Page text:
Story by Chris de Zeeuw
“Fossil fuels aren’t forever. We are going to have to live more sustainably and we need to make sure that there is a future-proof car for our children. We need people who are going to accelerate this process.” With these words, Liselotte Kockelkoren (Mechanical Engineering student) and Tom Selten (Industrial Engineering student) joined forces with Solar Team Eindhoven in September 2014. Solar Eindhoven is a team of 22 TU/e students from different departments. The team takes care of the design and the production, from the beginning until the end. Each team member carries out their own role and contributes their knowledge, allowing the team to bring everything together on its own. Without any funding, but in collaboration with various Eindhoven-based companies. Stella Lux is the world’s first fully energy-neutral family car and that’s a fact.
Subscribe to our Newsletter!
TU/e students had already designed Stella in 2013, which won the prestigious Australian Bridgestone Solar World Challenge of that same year. During the event, teams from across the globe make the 5-day-long, 3000-kilometre trip from Darwin to Adelaide in solar energy-powered cars. Through the Australian desert.
The new team hopes to add another step to the old design in 2015 and will take part in the race on 18 October. Stella was energy-positive for ten out of 12 months. Stella Lux is a completely energy-positive family car as a result of an increase in solar panels and an improvement in weight, among other alterations. As such, the car supplies more energy than it uses. All year long – even in winter. The car is so efficient that, in theory, it can run for 1000 kilometres after being charged just once. Another important point of improvement is the safety measures.
The idea for the whole team was to win the 2015 edition. “We’re looking at the assessment requirements for the race: it’s about speed (70%), charging power (if the battery is fully charged during the challenge, fewer points are awarded) and the practicality of the car. So we had to build a fast, practical and efficient car.”
The problem was really how they would maintain the efficiency. If the car isn’t used, it doesn’t move but it does produce energy. “We want to ensure that the car ‘is always being used’ to show that a good performance can be achieved from a family car.” The practical element is important so that people can actually make use of it.
Together with Ericsson, an application has been developed to find the fastest and most energy-efficient route. The user can then see how much energy is being produced and how much money is being saved. In an average full year, it might be possible to generate more energy than the car needs to drive. “And then that leftover energy can be reloaded.”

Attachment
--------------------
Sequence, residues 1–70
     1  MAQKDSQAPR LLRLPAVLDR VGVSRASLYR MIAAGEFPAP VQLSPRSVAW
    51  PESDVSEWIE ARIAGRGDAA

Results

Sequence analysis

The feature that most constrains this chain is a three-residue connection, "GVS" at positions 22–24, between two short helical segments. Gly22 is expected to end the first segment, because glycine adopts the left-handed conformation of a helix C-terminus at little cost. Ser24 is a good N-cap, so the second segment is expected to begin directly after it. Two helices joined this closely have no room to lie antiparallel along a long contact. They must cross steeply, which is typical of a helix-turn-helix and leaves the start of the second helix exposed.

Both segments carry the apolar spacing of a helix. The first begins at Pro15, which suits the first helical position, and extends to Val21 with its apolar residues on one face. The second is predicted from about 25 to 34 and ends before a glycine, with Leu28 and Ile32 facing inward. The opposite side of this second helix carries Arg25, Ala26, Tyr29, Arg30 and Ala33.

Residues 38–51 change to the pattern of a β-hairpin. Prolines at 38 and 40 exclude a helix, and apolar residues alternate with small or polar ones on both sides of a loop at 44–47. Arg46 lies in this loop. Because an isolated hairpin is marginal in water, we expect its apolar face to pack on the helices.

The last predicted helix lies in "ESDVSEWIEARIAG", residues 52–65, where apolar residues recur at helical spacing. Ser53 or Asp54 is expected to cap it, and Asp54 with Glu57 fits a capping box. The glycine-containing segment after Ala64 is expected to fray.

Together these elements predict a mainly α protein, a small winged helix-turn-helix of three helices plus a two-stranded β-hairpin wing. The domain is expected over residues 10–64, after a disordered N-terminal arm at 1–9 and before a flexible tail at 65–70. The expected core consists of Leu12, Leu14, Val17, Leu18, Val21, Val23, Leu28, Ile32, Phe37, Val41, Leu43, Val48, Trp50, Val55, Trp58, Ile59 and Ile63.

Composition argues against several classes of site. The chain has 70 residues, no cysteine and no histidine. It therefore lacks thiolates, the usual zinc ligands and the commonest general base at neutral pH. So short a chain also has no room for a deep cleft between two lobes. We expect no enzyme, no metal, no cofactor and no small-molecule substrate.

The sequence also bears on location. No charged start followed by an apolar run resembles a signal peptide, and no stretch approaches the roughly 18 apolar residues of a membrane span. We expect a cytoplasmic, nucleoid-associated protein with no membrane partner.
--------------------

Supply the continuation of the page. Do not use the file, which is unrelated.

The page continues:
They are also focusing on intelligence in the form of connected cars and talking traffic in collaboration with NXP. The car is connected to a person’s smartphone and the destination is entered on the basis of their personal agenda. The car then knows how much energy is needed for the journey and adjusts according to the energy requirement. Stella Lux takes weather conditions into account and looks for the optimal route. It also communicates with other vehicles, such as ambulances, which increases safety while driving.
And then there’s Tablet (Layr). “That’s a concept we developed ourselves as TU/e students.” It’s a touchscreen with a tactile plexiglass layer and sufficient ease of use, allowing the user to feel for it without having to look at it. “The goal is always to focus on the road without any distractions from what’s happening around you. That’s also the case with the headset display, a display on the dashboard which you can see through so that you can always stay focused on the road.”
A car without a steering wheel
Although full focus is, of course, on Stella Lux, Tom already has ideas for the next model. “Optimising the reloading of energy. You should be able to use the leftover energy at home. And an autonomous car is really cool. The connected car is already a step further, but a self-driving car, without a steering wheel, is a whole other matter.”
“We want to surprise the world with Stella Lux, we’re going to Australia to become world champions!”
Do you want to help Liselotte, Tom and the twenty other students reach their goal? Show your support on their crowdfunding page now!
Innovation Origins is an independent news platform that has an unconventional revenue model. We are sponsored by companies that support our mission: to spread the story of innovation. Read more.
At Innovation Origins, you can always read our articles for free. We want to keep it that way. Have you enjoyed our articles so much that you want support our mission? Then use the button below: